G
Message: Posted by: gaddy (Dec 24, 2007 12:10AM)
[quote]
On 2007-12-20 23:14, Pokie-Poke wrote:
[quote]
On 2007-12-20 16:24, gaddy wrote:
[quote]
On 2007-09-26 14:03, Payne wrote:
I prefer to do modern effects in a period style especially since my main period gig is at a Mediaeval fair. Thus making the documentable effects I could perform rather limited.
[/quote]

Also, I think the sort of stuff that would have wow'ed back in the middle ages would (with a few notable exceptions) fall short with us, civilized and throughly modern, folk...
[/quote]

Hmmm. cups and balls, cut and restored rope, are both very easily documented, I have yet to have any problem entertaining a modern audience with them. don't even use a chop cup. (not often any way) Modern folk tend to have short attention spans which tends to make them easer to fool. but at times harder to entertain.
[/quote]

heh! well, I >did< say "with a few notable exceptions"! I've got these two items on my Ren Faire programme also!...

Gaddy
Message: Posted by: Payne (Dec 27, 2007 10:52AM)
[quote]
On 2007-12-23 19:21, gaddy wrote:

Payne- might I beg a small favor? Could you post some of your more ambitious custom jobs for us to see? I'd love to see some more of your handiwork!

G
[/quote]

This isn't one of my more ambitious projects but it is the "period" die box I use in my mediaeval act. It's been done up to resemble a reiquary.

[img]http://members.aol.com/payne/diebox.jpg[/img]

I've posted this before but you might have missed it so here it is again.
An old Grant's Rice Checkers Orange prop I reworked to match a Tayade Rice Vase I aquirred.

[img]http://members.aol.com/payne/checkers.jpg[/img]
Message: Posted by: gsidhe (Dec 27, 2007 02:06PM)
Those are gorgeous Payne!
Virtually unrecognisable!
I'm jealous.
Gwyd
Message: Posted by: Payne (Dec 31, 2007 04:24PM)
Some more of my props for your perusal

My mini Spirit Cabinet (Deans Box)

[img]http://members.aol.com/payne/spiritbox.jpg[/img]

My Run Dragon Run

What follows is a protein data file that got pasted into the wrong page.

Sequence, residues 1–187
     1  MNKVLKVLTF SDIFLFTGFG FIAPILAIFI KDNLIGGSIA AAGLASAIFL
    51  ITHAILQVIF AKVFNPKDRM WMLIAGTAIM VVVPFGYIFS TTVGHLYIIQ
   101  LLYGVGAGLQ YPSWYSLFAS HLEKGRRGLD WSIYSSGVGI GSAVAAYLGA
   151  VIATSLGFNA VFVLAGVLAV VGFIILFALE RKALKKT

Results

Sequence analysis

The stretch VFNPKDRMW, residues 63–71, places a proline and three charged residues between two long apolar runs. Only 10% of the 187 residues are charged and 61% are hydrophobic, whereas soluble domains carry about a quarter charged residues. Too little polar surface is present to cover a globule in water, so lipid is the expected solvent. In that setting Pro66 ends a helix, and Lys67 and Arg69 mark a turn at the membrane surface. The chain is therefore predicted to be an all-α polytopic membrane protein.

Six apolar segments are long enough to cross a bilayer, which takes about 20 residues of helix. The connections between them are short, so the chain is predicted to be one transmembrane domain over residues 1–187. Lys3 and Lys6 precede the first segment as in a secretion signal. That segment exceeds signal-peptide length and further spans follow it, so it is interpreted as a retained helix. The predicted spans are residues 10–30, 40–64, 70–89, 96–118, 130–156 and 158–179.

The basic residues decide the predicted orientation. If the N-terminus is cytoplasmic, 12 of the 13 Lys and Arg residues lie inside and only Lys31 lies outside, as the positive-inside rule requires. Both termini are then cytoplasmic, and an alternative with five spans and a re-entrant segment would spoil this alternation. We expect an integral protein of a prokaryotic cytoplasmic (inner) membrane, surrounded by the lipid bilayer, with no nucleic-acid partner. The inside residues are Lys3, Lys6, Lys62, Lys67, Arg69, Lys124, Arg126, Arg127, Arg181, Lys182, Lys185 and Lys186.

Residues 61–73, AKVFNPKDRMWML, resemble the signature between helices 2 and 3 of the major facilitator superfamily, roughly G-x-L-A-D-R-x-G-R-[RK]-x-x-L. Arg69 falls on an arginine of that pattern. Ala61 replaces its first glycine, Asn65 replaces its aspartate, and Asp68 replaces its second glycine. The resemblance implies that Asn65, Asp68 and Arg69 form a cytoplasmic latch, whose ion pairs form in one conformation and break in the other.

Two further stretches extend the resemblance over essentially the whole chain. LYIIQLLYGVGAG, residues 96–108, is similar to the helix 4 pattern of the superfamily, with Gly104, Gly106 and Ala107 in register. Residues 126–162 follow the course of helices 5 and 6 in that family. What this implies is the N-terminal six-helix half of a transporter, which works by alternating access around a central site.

[img]http://members.aol.com/payne/dragon.jpg[/img]

My Four Way Production box (inspired by Mad Eye Moody's box of many locks)

[img]http://members.aol.com/payne/4waybox.jpg[/img]

My Snake Basket

[img]http://members.aol.com/payne/basket.jpg[/img]
Message: Posted by: Vick (Jan 23, 2008 09:06PM)
Very nice work Payne

A new character I'm working on Alexander Dias (Alexander in homage to Herrmann)
http://www.alexanderdiasmagic.com/

Very much influenced by the work and magic of Herrmann and Houdin
Message: Posted by: kaytracy (Feb 28, 2008 01:46AM)
With a bit of careful research, I have found a number of principles used in ages past to be easy to work with and utilized to do my story magic. I do Viking age.
I have a stone that gets slipped into fire pits. After telling my tale, often after just a few minutes, though sometimes the next morning, someone discovers that there is a deeply carved rune in a stone in the pit.
I have a Horn dropped by a Valkyrie, that pours forth mead, but only for the chosen warriors who are soon to die in battle.
I have a feather from one of Odin's ravens, and it moves when you tell it things worthy of the all-father's knowing.
In the tale of Fenja and Menja of the Grottestone, I have coins appear followed by salt from my hands.
My tale of the Gunfanni uses a box modified to allow the once white banner to transform into the Raven Gunfanni war banner heralding great victory.
I am at times a thread counter, but I try to keep that only where it matters. As Bill says, if they do not know that the item is held together by epoxy, or that the horn has a lining for sanitary reasons, but it is never seen, who can complain. I have nice period shoes and nalebinded socks, but my orthotics are tucked under a nice layer of leather so I can actually move after wearing them for more than an hour!
Kay
Message: Posted by: Levity (Nov 12, 2008 04:27PM)
My performance is decidedly early 20th Century. I use props that are either authentically old or repros in the style of the time. I dress in a 1920s-style tuxedo and use a P&L change bag, old-style die box and various other props that evoke that retro era (somewhere between Victorian and Art Nouveau/Deco). Recently I've bought some great props from Harries in Sweden--the large cylinder cabinet, for instance--which, while not being strictly of the period I appear in, is still evocative of that era with its striking lightning bolt, stunning silver-and-red cabinet and sparkly tube. Very theatrical and mysterious-looking.

Geoffrey
Message: Posted by: critter (Feb 3, 2009 02:01PM)
I would find doing 'only' period tricks to be too confining.
Not many faire coordinators would really know the difference.